There are a number of ways to pay for a college education and today we want to spend time discussing how you can use whole life insurance to pay for college. While certainly not a default option presented by the mainstream financial media, whole life insurance can work as a wonderful way to pay for college.
But keep in mind that using whole life to foot the bill for higher education comes with a few best practices you should understand. To ensure that you extract the greatest amount of benefit from this strategy, we'll spend some time looking at how people use whole life insurance to pay for college while also giving you some insider knowledge on how to best set up your policy if this is your goal.
Whole Life Insurance has Cash Value
All whole life insurance policies will, at some point, have a cash value. For some this cash value materializes immediately. For other whole life policies, this cash value can take some time to develop. Regardless, if you happen to own a whole life policy that has cash value, you can use it to pay for college. This might be a policy you've owned for decades. Maybe you bought it when you were young and entering the workforce. Or perhaps it's a policy your parents bought for you when you were a child.
Doesn't matter where it came from, or what the original plan was. If the whole life insurance policy has cash value, you are free to use that cash value for whatever purpose you like. Using the cash value in your whole life policy to pay for college takes shape in the following ways: you could simply withdraw cash and use that cash to pay college expenses or you could take policy loans and use the loan proceeds to write tuition checks.
The exact method that will prove best for you depends on a number of circumstances best left as a conversation you have with your insurance or financial advisor. The important take away is that if you have a whole life policy with cash value, you have the option to use it for college expenses.
Specifically Buying Whole Life Insurance to Pay for College
It's great to know that if you happen to own a whole life insurance policy this could be an option as a source for paying college expenses. But what if you are specifically looking to buy whole life insurance with a plan to use it for college expenses? In other words, you don't currently own a whole life policy, but you're considering it and you want to make sure you make the right choice in selecting a whole life policy for this purpose.
That is exactly what I intend to spend the lion share of this blog post talking about. We identified five specific best practices for using whole life insurance as a tool to pay for college. Following these five best practices will put you in the best position to ensure that you not only have a whole life insurance policy with cash value but that you've also strategically positioned yourself to approach affording a college education.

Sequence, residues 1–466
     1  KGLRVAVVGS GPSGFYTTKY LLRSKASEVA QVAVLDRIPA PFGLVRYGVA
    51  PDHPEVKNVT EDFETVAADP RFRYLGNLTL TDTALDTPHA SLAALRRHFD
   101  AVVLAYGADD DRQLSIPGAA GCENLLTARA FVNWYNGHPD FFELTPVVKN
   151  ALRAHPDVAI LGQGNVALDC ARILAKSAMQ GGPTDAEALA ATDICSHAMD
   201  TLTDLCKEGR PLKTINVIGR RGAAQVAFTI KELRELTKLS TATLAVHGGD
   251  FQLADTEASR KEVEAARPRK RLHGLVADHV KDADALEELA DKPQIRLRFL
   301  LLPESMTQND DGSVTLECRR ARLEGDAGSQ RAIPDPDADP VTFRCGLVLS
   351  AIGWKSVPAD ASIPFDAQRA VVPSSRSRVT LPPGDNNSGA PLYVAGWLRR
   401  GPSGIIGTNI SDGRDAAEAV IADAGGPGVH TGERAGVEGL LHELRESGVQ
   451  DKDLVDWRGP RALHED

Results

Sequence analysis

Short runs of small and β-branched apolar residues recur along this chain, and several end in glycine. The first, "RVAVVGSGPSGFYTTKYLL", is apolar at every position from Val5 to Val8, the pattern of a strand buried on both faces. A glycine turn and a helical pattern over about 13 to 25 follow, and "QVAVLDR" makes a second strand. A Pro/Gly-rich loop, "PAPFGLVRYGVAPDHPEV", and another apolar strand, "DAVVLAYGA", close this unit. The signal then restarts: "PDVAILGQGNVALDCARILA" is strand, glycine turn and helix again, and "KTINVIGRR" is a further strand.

#1 Use Dividend Paying Whole Life Insurance Focused on Cash Value Accumulation
The first, and potentially most important rule is using cash focused dividend-paying whole life insurance policy. You might also see the term “participating,” which is an insurance industry term for dividend-paying. Whole life policies don't come labeled “ready to maximize cash value” so you'll have to do a little leg work to ensure that the whole life insurance policy you are considering is, in fact, one that focuses on cash value accumulation.
A good rule of thumb is to look at how your premium breaks down. A whole life policy focused on cash value accumulation is one that makes heavy use of an elective paid-up additions rider. While the exact amount will vary from one insurance company to another, you at least want to make sure that no less than 50% of your premium goes to the paid-up additions rider.
Loading up the paid-up additions rider ensures that the whole life policy you own will build cash faster than a standard whole life policy. This is crucial for ensuring that you are maximizing your return on premiums paid and building the most amount of cash value possible. Also, I mentioned dividend-paying whole life insurance.
Not all whole life policies pay dividends, and usually, policies that do not pay dividends will lag ones that do. While I cannot say that using a non-dividend-paying whole life policy wouldn't give you the funds needed to pay for college, I can absolutely say that a dividend-paying whole life policy will make it easier as you'll tend to accumulate more cash value with this form of whole life insurance.
Lastly, if you're feeling stuck on just how to find a cash-focused whole life insurance policy, keep in mind that you can reach out to us for help. We are independent life insurance brokers and do business with clients all across the country. You definitely want to be sure that you are making the right purchase working with a competent broker to ensure proper policy design and management.
#2 Insure the Parent not the Child